China: Avigan effective in tackling coronavirus

China's government researchers say they have found the Japanese-developed anti-flu drug Avigan effective in treating patients infected with the new coronavirus and will promote its use.

Zhang Xinmin, director of the National Center for Biotechnology Development, named the drug at a news conference in Beijing on Tuesday.

He said the drug was found to be effective in clinical trials by two medical organizations in the country. He said the medicine worked for coronavirus-related symptoms including pneumonia and had no obvious side effects.

The director said the tests were conducted in the cities of Wuhan and Shenzhen and involved 240 patients and 80 patients respectively.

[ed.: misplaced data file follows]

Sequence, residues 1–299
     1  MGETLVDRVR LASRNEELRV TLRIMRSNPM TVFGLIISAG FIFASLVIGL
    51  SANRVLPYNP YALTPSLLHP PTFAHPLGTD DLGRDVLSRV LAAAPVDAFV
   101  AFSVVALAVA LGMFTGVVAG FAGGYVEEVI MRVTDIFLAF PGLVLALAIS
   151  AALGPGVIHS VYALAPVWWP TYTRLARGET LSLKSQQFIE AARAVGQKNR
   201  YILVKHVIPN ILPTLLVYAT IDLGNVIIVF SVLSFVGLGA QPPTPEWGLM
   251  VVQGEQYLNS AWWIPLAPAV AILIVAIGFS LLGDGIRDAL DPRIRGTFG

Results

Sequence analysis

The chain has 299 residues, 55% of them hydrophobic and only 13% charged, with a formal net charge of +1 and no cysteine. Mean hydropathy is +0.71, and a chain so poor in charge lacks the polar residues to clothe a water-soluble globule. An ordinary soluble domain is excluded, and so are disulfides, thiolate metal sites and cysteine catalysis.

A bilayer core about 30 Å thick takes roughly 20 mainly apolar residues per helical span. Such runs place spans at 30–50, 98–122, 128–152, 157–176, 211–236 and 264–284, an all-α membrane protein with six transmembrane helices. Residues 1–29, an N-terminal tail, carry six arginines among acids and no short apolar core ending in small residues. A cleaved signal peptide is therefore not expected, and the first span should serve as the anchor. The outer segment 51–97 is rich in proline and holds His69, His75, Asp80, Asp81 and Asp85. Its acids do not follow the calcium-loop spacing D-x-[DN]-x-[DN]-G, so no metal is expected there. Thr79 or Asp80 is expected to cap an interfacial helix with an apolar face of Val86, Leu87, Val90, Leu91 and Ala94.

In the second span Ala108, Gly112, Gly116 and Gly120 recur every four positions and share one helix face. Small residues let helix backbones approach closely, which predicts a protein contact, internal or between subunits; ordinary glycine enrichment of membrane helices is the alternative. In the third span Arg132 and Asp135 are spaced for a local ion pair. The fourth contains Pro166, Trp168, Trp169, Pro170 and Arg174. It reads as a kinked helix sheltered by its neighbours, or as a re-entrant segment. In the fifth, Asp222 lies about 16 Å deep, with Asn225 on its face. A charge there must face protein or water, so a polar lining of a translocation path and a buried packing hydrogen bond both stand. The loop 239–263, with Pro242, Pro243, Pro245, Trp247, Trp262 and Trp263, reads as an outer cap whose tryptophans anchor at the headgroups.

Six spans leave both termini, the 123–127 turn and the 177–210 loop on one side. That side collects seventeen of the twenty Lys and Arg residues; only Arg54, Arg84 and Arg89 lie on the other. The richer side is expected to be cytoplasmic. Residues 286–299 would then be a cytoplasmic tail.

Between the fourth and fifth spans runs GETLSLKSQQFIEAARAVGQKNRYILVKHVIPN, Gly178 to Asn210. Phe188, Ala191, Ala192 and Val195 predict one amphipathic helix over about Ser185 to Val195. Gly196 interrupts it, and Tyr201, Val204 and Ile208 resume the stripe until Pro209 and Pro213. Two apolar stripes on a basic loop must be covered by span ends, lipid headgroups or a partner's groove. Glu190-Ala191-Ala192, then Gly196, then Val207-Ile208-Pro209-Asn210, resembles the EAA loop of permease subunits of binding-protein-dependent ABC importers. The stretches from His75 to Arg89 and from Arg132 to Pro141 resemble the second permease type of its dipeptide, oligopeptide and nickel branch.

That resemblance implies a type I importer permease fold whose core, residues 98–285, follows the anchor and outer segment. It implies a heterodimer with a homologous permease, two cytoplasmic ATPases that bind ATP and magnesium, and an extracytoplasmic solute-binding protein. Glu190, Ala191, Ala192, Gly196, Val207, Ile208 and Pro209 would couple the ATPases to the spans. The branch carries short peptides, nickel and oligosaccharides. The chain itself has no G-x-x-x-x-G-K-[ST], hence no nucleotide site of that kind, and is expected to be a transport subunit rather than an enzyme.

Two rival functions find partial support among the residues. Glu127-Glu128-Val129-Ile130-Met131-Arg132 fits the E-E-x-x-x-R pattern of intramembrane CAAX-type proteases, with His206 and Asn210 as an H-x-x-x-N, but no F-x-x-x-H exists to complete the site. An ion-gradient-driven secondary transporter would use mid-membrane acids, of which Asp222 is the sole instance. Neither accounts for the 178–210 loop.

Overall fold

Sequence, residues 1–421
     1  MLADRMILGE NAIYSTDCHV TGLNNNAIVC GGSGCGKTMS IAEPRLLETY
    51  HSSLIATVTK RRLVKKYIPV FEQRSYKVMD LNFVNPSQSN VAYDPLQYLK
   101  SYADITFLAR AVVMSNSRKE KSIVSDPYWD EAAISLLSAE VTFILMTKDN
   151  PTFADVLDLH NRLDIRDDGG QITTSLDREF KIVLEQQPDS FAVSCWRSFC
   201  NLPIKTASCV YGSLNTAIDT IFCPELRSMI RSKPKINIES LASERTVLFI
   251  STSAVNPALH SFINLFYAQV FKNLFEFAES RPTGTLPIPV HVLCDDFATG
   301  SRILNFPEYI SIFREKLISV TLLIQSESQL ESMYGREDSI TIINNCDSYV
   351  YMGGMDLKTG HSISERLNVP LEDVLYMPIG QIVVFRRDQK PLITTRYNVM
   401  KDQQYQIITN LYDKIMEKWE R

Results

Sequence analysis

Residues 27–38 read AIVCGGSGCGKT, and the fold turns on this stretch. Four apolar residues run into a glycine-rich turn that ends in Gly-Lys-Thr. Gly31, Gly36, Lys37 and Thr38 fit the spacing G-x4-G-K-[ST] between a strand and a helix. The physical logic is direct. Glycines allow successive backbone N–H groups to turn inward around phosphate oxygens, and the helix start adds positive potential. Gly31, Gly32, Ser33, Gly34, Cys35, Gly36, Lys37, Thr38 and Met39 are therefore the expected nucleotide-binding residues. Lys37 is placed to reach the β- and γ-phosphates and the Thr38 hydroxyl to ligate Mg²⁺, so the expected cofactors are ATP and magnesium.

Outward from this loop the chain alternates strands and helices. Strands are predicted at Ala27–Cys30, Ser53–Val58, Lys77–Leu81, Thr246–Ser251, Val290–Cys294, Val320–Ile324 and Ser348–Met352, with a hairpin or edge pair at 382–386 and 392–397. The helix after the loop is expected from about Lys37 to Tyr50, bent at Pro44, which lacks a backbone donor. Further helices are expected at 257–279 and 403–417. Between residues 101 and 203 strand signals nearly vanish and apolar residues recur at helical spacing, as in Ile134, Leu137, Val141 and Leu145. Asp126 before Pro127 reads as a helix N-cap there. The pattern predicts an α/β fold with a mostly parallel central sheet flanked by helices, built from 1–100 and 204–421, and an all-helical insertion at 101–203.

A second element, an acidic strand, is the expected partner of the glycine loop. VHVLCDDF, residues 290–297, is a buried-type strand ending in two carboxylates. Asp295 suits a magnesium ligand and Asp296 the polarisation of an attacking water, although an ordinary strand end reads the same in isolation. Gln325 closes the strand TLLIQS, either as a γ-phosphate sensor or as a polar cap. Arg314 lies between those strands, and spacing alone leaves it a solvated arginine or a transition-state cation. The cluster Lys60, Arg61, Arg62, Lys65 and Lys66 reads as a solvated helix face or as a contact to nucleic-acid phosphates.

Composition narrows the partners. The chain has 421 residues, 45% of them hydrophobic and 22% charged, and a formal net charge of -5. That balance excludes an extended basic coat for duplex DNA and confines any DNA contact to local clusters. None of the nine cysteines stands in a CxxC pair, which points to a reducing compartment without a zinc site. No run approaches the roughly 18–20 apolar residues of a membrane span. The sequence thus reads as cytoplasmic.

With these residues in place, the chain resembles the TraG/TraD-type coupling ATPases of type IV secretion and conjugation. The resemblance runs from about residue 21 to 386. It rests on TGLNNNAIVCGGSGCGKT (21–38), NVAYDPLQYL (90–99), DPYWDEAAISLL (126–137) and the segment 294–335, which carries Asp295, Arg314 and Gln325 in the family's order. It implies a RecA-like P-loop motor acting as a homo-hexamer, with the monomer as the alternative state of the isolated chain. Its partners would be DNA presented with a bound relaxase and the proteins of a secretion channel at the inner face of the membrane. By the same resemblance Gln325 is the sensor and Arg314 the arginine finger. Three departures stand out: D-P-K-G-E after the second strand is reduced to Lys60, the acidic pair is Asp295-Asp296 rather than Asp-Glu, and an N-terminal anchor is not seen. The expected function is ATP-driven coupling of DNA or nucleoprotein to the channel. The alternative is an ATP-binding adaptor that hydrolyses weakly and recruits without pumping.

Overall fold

He said those who were given the medicine in Shenzhen turned negative for the virus after a median of four days after becoming positive, while it took a median of 11 days for those without the drug.

The trial also found that X-ray photos confirmed improvements in lung conditions in about 91 percent of the patients who were given the medicine. The number stood at 62 percent for those without the drug.

The director said the drug is highly safe and its effect is obvious, and formally recommend the use of the medicine as a way to tackle the virus.

A Chinese firm that has licensed the drug from its Japanese developers got government approval last month to mass-produce the medication.

China on Monday confirmed 21 new cases of the virus infections, bringing the total in the country to more than 80,000. It's death toll now stands at 3,226.